Presbyterian theologian; b. Lexington, Virginia, April 17, 1772; d. Princeton, New Jersey, Oct. 22, 1851. He was the son of William and Ann (Reid) Alexander. After studying at Liberty Hall College (later Washington College), Chestertown, Maryland, under Reverend William Graham, he was ordained in 1794. He served as president of Hampden–Sydney College, Virginia, from 1796 to 1807, when he accepted a call to Pine Street Presbyterian Church, Philadelphia, Pennsylvania. As moderator of the general assembly (1807), he advocated the establishment of the Princeton Theological Seminary. Installed as its first professor in 1812, he taught didactic and polemic theology there until his death. With the works of Turretini and other Calvinist scholastics as the basis of his courses, Alexander was the chief theologian of the Old School party, opposing the New School in his Thoughts on Religious Experience (1841) and in the columns of the Biblical Repertory, which he founded in 1825. His Brief Outline of the Evidences of the Christian Religion (1825) was widely adopted as a college text. In The Canon of the Old and New Testaments (1826) he taught verbal inspiration and inerrancy. He was also influential in advocating foreign missions and in the American Colonization Society.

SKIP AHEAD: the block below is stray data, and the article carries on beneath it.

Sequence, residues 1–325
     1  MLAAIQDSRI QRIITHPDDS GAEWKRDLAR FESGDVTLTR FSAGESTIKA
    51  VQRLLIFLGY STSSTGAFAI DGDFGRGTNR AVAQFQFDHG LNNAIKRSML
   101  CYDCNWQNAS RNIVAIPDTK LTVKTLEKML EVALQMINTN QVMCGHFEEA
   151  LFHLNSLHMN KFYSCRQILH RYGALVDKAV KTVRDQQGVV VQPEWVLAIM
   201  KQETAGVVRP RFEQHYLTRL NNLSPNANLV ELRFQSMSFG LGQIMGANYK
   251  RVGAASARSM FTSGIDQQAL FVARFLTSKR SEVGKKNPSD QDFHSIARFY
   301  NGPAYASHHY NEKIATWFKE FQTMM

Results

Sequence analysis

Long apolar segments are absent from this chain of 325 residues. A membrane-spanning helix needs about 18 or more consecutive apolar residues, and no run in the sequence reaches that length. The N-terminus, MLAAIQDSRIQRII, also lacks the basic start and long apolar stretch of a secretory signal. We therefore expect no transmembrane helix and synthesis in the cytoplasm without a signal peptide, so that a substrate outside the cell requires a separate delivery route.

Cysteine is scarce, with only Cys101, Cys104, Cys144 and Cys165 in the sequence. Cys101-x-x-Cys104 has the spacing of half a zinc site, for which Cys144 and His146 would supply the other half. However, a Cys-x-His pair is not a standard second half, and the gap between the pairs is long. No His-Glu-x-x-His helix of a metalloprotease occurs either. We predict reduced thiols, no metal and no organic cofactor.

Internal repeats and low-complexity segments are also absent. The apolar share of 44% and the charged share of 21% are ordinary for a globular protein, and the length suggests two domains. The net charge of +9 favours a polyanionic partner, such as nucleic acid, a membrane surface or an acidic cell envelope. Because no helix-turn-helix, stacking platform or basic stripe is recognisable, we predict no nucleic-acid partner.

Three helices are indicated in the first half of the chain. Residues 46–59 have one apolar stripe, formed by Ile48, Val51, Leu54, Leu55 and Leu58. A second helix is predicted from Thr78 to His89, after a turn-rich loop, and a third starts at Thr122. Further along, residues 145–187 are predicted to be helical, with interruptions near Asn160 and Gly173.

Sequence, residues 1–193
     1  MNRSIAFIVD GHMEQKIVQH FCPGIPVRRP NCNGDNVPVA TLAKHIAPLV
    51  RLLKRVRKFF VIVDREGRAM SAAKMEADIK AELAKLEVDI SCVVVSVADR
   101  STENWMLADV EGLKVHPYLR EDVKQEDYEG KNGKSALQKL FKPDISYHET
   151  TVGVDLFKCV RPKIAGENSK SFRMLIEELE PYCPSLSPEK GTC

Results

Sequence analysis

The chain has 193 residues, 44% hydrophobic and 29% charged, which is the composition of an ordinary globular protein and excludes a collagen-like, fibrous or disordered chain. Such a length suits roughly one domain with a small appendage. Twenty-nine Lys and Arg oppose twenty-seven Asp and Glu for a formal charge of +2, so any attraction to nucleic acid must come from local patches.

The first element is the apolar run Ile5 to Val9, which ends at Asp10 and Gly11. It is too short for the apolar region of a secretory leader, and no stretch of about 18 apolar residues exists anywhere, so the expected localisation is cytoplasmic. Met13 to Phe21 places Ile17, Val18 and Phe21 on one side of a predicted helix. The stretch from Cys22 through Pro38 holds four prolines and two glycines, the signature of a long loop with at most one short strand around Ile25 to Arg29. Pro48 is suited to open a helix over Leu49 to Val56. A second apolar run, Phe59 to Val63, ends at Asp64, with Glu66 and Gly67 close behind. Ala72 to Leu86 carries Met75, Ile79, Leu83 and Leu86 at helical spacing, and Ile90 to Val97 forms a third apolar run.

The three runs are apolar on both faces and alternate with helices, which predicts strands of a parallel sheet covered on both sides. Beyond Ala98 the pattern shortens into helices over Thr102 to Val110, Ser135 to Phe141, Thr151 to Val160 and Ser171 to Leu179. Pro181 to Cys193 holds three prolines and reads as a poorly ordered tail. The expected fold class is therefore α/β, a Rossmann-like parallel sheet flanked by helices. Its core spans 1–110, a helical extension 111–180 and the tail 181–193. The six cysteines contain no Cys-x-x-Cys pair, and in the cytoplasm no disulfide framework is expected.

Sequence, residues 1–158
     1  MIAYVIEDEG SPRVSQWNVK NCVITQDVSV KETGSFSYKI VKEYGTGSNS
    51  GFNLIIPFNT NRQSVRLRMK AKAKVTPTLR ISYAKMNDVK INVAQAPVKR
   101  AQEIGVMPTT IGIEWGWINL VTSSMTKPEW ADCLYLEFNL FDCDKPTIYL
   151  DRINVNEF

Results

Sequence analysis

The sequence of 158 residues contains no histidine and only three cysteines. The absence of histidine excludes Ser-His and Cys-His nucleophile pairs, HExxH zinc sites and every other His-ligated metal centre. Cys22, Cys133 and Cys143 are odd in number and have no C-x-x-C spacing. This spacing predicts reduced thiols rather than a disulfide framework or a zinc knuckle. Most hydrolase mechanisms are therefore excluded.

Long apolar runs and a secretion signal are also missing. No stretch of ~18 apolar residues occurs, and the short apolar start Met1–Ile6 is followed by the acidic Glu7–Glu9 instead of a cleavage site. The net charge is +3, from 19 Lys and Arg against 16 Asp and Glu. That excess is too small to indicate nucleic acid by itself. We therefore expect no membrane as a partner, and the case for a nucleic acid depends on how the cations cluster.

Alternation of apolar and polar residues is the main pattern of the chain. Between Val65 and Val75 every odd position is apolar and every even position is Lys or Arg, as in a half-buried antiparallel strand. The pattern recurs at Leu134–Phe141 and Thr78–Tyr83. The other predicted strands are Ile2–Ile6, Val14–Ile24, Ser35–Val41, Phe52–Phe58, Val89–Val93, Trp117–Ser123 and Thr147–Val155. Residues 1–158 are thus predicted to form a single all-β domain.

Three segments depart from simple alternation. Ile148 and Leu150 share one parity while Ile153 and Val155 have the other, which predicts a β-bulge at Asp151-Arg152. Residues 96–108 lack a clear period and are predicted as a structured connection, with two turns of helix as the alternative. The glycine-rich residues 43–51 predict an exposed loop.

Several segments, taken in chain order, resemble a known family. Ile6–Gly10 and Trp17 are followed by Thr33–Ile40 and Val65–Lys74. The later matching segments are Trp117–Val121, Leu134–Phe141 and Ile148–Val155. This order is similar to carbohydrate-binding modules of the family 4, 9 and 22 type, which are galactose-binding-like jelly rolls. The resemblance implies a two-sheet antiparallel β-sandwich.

Bibliography: j. w. alexander, The Life of Archibald Alexander (New York 1854). Sons of the Prophets, ed. h. t. kerr (Princeton 1963).
[r. k. macmaster]